What is the definition of "magnetic gripper"?
A type of end effector that uses electromagnets or permanent magnets to pick up metallic objects.

Learn more about magnetic gripper in the class End Effectors 125 below.


Robotics Training


Class Information
Tooling U classes are offered at the beginner, intermediate, and advanced levels. The typical class consists of 12 to 25 lessons and will take approximately one hour to complete.
Class Name:End Effectors 125
Description:This class describes the various types of end effectors and their uses. It also explains the issue of compliance and describes how to maintain end effectors.
Prerequisites: none
Difficulty:Beginner
Number of Lessons:13
Language:English, Spanish

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Below are all the competencies and job programs that contain the class End Effectors 125. Job programs are our traditional class lists organized according to common job functions. Competencies are our latest job-specific curricula that help tie online learning to practical, hands-on tasks.

Click on any title to view its details.

Competencies


Class Outline
  • Objectives
  • What Is an End Effector?
  • Types of End Effectors
  • Grippers
  • Vacuum Grippers
  • Magnetic Grippers
  • Other Grippers
  • Gripper Selection
  • Process Tooling
  • Compliance
  • Active vs. Passive Compliance
  • End Effector Maintenance
  • Summary
  
Class Objectives
  • Define end effectors.
  • Identify the types of end effectors.
  • Describe grippers.
  • Describe vacuum grippers.
  • Describe magnetic grippers.
  • Identify other types of grippers.
  • Describe factors for gripper selection.
  • Describe process tooling.
  • Describe compliance.
  • Distinguish between active and passive compliance.
  • Describe common end effector maintenance practices.

Class Vocabulary

Vocabulary TermDefinition
active compliance A type of compliance with which the robot modifies its behavior based on the output from a force sensor.
adhesive gripper A type of end effector that uses a continuously fed ribbon covered with an adhesive that sticks to the objects the robot manipulates. Adhesive grippers are commonly used for lightweight materials where other gripper types would be less effective.
bladder An expandable sac that can be inflated with air or filled with fluid.
compliance The ability of a robot to tolerate and compensate for misaligned parts. Robots can use either an active or passive strategy to achieve compliance.
double gripper A mechanical gripper that has two separate grasping mechanisms attached to the robot arm. While double grippers can perform multiple tasks at once, they are more expensive and less reliable than single grippers.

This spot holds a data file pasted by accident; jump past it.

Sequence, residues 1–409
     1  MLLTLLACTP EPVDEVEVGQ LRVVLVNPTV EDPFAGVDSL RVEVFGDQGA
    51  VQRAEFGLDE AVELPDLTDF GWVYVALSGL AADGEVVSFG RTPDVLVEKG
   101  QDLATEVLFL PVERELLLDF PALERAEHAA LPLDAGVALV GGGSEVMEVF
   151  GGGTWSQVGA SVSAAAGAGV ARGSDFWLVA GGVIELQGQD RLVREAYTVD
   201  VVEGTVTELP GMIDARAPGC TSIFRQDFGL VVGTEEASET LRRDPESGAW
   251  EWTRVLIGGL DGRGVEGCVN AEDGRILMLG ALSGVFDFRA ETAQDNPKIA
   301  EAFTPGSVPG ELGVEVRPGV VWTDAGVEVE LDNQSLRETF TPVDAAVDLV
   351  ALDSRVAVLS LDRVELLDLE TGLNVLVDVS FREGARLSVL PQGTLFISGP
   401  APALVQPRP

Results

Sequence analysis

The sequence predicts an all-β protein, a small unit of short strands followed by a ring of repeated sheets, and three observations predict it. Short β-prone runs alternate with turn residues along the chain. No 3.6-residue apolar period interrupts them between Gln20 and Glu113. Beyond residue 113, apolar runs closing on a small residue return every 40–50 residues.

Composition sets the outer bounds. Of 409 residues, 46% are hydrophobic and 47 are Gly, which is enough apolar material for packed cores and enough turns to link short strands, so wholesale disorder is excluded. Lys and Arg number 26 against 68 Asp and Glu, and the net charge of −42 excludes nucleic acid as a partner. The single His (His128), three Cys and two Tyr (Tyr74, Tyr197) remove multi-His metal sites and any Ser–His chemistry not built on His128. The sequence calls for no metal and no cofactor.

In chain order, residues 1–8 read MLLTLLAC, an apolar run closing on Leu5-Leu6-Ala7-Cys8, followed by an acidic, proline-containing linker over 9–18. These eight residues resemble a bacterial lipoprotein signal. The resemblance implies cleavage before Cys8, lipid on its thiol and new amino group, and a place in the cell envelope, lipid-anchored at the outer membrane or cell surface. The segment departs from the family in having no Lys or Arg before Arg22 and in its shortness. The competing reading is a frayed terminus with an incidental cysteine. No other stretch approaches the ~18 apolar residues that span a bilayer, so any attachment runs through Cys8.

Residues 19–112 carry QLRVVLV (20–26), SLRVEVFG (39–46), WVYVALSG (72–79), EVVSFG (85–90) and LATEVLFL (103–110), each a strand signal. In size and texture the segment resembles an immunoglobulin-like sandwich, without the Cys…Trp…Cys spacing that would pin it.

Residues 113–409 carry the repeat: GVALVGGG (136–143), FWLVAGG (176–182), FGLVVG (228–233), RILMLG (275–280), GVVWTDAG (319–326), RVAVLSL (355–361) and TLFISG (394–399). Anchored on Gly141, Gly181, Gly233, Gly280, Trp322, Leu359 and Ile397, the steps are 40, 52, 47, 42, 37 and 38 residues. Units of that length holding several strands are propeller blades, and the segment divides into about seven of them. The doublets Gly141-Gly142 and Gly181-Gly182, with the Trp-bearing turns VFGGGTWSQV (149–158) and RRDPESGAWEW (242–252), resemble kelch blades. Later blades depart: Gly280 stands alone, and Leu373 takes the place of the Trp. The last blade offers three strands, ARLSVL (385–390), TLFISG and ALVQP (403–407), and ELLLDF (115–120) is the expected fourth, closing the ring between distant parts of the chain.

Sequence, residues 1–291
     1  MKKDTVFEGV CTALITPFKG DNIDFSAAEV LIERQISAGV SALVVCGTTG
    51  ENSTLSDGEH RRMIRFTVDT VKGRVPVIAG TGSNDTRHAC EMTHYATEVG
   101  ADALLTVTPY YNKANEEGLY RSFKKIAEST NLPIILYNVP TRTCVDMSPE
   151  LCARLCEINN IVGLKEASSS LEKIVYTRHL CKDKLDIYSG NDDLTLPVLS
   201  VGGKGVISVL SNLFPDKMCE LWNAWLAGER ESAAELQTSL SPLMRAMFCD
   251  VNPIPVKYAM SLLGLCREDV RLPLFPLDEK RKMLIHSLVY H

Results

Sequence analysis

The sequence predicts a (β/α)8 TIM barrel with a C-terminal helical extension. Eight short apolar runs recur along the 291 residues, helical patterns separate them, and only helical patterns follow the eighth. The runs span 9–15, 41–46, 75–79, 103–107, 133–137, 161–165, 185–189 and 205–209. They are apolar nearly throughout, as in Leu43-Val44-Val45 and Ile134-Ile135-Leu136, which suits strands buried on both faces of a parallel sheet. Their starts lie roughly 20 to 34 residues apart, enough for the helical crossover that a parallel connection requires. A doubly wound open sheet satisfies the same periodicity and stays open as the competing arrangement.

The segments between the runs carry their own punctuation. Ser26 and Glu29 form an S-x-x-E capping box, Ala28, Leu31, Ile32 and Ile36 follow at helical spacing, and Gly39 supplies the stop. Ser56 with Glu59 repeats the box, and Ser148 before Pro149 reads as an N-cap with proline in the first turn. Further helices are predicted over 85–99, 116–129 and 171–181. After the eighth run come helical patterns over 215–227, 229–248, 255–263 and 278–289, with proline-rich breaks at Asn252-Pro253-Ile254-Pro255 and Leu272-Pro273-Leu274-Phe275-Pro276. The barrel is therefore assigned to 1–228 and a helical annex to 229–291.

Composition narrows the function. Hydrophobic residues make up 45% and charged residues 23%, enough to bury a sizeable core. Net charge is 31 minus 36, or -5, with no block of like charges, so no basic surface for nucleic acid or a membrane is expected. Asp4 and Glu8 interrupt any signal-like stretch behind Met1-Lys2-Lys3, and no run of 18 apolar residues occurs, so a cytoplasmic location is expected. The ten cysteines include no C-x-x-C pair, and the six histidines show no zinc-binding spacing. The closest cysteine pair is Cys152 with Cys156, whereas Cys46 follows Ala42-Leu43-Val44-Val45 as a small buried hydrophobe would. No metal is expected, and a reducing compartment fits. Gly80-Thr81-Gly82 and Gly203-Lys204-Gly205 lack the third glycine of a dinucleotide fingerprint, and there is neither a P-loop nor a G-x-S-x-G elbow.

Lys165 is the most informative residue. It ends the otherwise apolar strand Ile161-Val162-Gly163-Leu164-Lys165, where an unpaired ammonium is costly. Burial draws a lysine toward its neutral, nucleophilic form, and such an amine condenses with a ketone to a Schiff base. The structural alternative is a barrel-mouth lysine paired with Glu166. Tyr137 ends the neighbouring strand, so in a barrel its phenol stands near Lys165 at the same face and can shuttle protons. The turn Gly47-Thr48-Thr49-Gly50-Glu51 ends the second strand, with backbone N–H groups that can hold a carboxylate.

electromagnet A powerful magnet that gains an attractive force only when current passes through it. Electromagnets can be turned on and off with a switch.
end effector The end component of a robotic arm that is shaped like a hand. End effectors give robots their distinct functional characteristics.
end of arm tooling The end component of a robotic arm that can be shaped like a specialized tool.
expanding gripper A type of end effector that uses an inflatable bladder to lift hollow objects from the inside.
fingers The part of a gripper that grasps an object.
force sensor A type of sensor that detects physical contact with an object or surface.
gripper A hand-shaped end effector designed for seizing and holding. Grippers are the most common type of end effector.
hook gripper A type of end effector that is designed to catch and lift objects that have a handle.
inflatable gripper A type of end effector that uses an inflatable diaphragm that expands to grasp an object.
ladle gripper A type of end effector that is designed to scoop liquids or powders.
magnetic gripper A type of end effector that uses electromagnets or permanent magnets to pick up metallic objects.
mechanical gripper The standard gripper that uses fingers to physically grasp and manipulate objects.
passive compliance A type of compliance with which the robot has a flexible gripper that deforms in response to forces caused by slight misalignment.
permanent magnet A magnet that has a constant attractive force. Because they are always "on," permanent magnets have limited usefulness as grippers.
preventive maintenance Maintenance performed while a robot is in working order to keep it from breaking down. Preventive maintenance includes periodically lubricating, tightening, and replacing worn parts.
process tooling The instrument or device attached to the end of a robotic arm that enables the robot to perform a specific task. Process tooling, such as a welding gun or a drill, is usually mounted directly to the arm.
sensor A device that detects the presence or absence of an object, or certain properties of that object, and provides feedback. Robots use sensors to interact with their environment.
suction cup A rubber or plastic device that sticks to smooth, nonporous surfaces. A robot's grip strength may be determined by the size of the suction cups.
tolerance An acceptable deviation from a desired dimension that still meets specifications.
tool changer A device that contains multiple tools and is used to change the process tooling on a robotic arm.
vacuum gripper A type of end effector that uses suction cups for gripping flat objects.